An attorney representing owners of property adjacent to an electrical substation approved by Elmwood Township have appealed the decision, and are hoping to obtain a court decision preventing construction.
Attorney Jim Pagels of Gaylord expects to prevail at a 13th Circuit Court hearing scheduled for April 7. He said Wolverine Power Cooperative has agreed not to begin working on the project until April 15.
The controversial substation was first approved in a letter dated Aug. 16 from former Elmwood Township zoning administrator Don Witkowski after conferring with township attorney Jim Young. Lisa and Mason Argue, who are developing a subdivision near the 7.8 acres substation site, appealed Witkowski’s decision to the township Zoning Board of Appeals.
The ZBA at the end of a marathon, 6-hour meeting held Feb. 6 upheld Witkowski’s decision with a 3-2 vote.
Pagels alleged in the appeal that Elmwood’s administrative process in approving the substation was flawed. “A utility should not be exempt from zoning,” he said.
Wolverine Power Cooperative is partnering with Cherryland Electric Cooperative, Consumers Energy and Traverse City Light & Power to build the substation, which the power companies say is needed to keep up with growing electrical needs in Leelanau County and Traverse City. Wolverine has signed an agreement to buy 7.8 acres from Elmwood trustee Terry Lautner, who has been criticized by Pagels and other opponents. Lautner is a member of the Cherryland board of directors, and is a former member of the Wolverine board of directors.
The substation would be set back 300 feet from Bugai Road, and more than 1,000 feet from M-72. Its tallest structures will be 79 feet, although Wolverine said existing trees screen the site to the north and east and more trees will be planted for screening from other views.
Pagels, however, has said the plant will greatly diminish the value of the Argues’ subdivision. He is also representing 80-year-old Josephine Bargeil, who has said at public meetings that worries over the substation created health problems for her.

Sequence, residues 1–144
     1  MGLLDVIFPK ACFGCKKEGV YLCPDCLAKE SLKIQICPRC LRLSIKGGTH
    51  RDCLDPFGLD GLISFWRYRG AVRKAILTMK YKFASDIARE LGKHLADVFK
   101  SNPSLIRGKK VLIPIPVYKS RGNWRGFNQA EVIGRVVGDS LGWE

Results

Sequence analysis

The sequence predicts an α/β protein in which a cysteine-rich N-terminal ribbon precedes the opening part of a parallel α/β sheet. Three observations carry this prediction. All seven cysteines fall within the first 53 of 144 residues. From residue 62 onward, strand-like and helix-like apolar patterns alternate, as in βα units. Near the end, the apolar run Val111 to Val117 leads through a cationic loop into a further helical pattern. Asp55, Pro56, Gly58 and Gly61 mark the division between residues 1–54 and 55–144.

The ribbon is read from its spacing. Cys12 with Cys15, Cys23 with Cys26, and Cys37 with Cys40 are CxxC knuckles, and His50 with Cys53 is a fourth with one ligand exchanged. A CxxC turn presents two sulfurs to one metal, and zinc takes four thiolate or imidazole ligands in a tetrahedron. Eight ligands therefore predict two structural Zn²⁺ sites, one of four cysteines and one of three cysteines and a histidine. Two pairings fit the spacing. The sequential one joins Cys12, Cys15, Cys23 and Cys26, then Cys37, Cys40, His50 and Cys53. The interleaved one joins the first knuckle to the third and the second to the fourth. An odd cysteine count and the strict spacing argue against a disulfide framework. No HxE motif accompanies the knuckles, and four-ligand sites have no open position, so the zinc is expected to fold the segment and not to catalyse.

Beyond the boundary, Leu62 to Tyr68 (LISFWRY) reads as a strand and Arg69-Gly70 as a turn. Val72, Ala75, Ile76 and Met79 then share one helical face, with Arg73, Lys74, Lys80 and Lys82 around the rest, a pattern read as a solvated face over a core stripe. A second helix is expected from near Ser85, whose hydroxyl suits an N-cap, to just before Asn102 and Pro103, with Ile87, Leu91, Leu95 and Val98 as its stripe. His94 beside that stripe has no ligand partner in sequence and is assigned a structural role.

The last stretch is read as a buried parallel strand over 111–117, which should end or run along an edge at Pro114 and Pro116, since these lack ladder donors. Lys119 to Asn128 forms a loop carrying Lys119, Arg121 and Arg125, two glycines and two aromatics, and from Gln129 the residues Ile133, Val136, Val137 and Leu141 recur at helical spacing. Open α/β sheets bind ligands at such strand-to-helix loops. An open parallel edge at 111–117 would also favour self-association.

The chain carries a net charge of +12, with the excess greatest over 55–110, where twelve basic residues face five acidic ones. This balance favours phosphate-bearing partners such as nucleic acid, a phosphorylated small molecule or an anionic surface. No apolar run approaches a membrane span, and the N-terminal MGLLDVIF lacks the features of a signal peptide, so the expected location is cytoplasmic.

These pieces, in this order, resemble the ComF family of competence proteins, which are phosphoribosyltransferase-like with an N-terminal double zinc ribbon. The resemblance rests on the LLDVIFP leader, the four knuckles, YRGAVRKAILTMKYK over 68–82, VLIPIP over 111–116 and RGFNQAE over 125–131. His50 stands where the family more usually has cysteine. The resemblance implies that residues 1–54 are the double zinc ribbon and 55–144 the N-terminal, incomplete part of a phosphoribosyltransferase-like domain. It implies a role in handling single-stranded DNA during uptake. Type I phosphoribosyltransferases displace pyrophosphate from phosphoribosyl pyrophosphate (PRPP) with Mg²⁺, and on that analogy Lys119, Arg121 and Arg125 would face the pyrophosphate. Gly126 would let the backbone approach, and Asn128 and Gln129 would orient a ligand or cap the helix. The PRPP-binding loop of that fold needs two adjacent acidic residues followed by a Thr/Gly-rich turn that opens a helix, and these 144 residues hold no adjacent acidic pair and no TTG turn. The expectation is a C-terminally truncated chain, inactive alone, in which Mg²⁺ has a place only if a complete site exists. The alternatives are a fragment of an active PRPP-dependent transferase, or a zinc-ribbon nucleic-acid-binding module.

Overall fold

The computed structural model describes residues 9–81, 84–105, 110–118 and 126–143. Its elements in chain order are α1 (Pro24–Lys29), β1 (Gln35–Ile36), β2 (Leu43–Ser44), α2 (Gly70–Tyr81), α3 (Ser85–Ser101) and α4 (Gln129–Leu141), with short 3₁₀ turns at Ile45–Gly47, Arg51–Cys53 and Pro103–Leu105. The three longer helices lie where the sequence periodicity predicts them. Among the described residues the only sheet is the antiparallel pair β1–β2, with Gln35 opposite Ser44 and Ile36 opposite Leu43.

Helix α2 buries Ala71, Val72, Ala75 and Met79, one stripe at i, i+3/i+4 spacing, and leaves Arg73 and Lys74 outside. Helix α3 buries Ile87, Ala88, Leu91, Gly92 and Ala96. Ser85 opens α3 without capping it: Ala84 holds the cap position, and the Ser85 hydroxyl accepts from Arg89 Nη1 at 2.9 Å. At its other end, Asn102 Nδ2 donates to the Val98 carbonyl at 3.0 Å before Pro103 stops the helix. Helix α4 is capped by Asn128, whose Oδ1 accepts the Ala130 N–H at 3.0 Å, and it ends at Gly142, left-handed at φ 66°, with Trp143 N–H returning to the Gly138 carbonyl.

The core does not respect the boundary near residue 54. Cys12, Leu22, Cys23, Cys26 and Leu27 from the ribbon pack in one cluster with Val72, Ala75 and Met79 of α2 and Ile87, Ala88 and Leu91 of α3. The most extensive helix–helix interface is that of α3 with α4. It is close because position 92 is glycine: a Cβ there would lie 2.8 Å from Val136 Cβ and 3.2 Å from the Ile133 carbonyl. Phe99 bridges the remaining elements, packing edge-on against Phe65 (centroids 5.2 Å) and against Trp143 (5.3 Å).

Pagels, in an accompanying press release, stated that Lautner’s comments during the ZBA meeting, a failure of the ZBA to address whether the substation will serve the “public health or safety or general welfare” as required in the township ordinance, and Wolverine’s explanation for moving its preferred site from Garfield to Elmwood Township will help overturn the ZBA ruling.
“Wolverine contended that the substation was necessary to allow the Consumers Power distribution system to back up the Wolverine and TCL&P distribution system in the event of a failure. However, almost immediately after the hearing, it was revealed…that Wolverine was attempting to purchase a part interest in a coal-fired power plant in Rogers City, and planned to construct a wind farm in Charlevoix. Therefore, far from being a mere back up, Pagels stated that it appears that Wolverine and TCL&P are using this substation as a primary conduit for power from its planned $100 million investments,” the press release stated.
Nancy Tanner, director of communications for Wolverine, said Pagels press release was inaccurate. The electrical substation, she said, is required to transport electricity to Leelanau County regardless of where that electricity is generated. There is no reason to push electricity into Leelanau if it is not needed.
Also, Wolverine has been moving toward construction of the Rogers City plant for two years, throughout which time the licensing process has generated many media reports, she said. And the wind field in Charlevoix County is being pursued by Traverse City Light & Power, not Wolverine.
Elmwood supervisor Derith Smith said regardless of which side prevails, the township will likely incur more legal costs. She expected an attorney representing the township to attend the hearing. Elmwood was not directly named in the motion seeking to stay the ZBA decision.
Both sides are confident they will prevail in court.
“We are confident with our position and legal team. We look forward to getting started on the project as soon as possible,” said Tanner. Completion is expected in early 2009.
Countered Pagels: “The entire approval process of the substation was improper because the zoning administrator never should have been involved in the decision at all.”
27 March 2008
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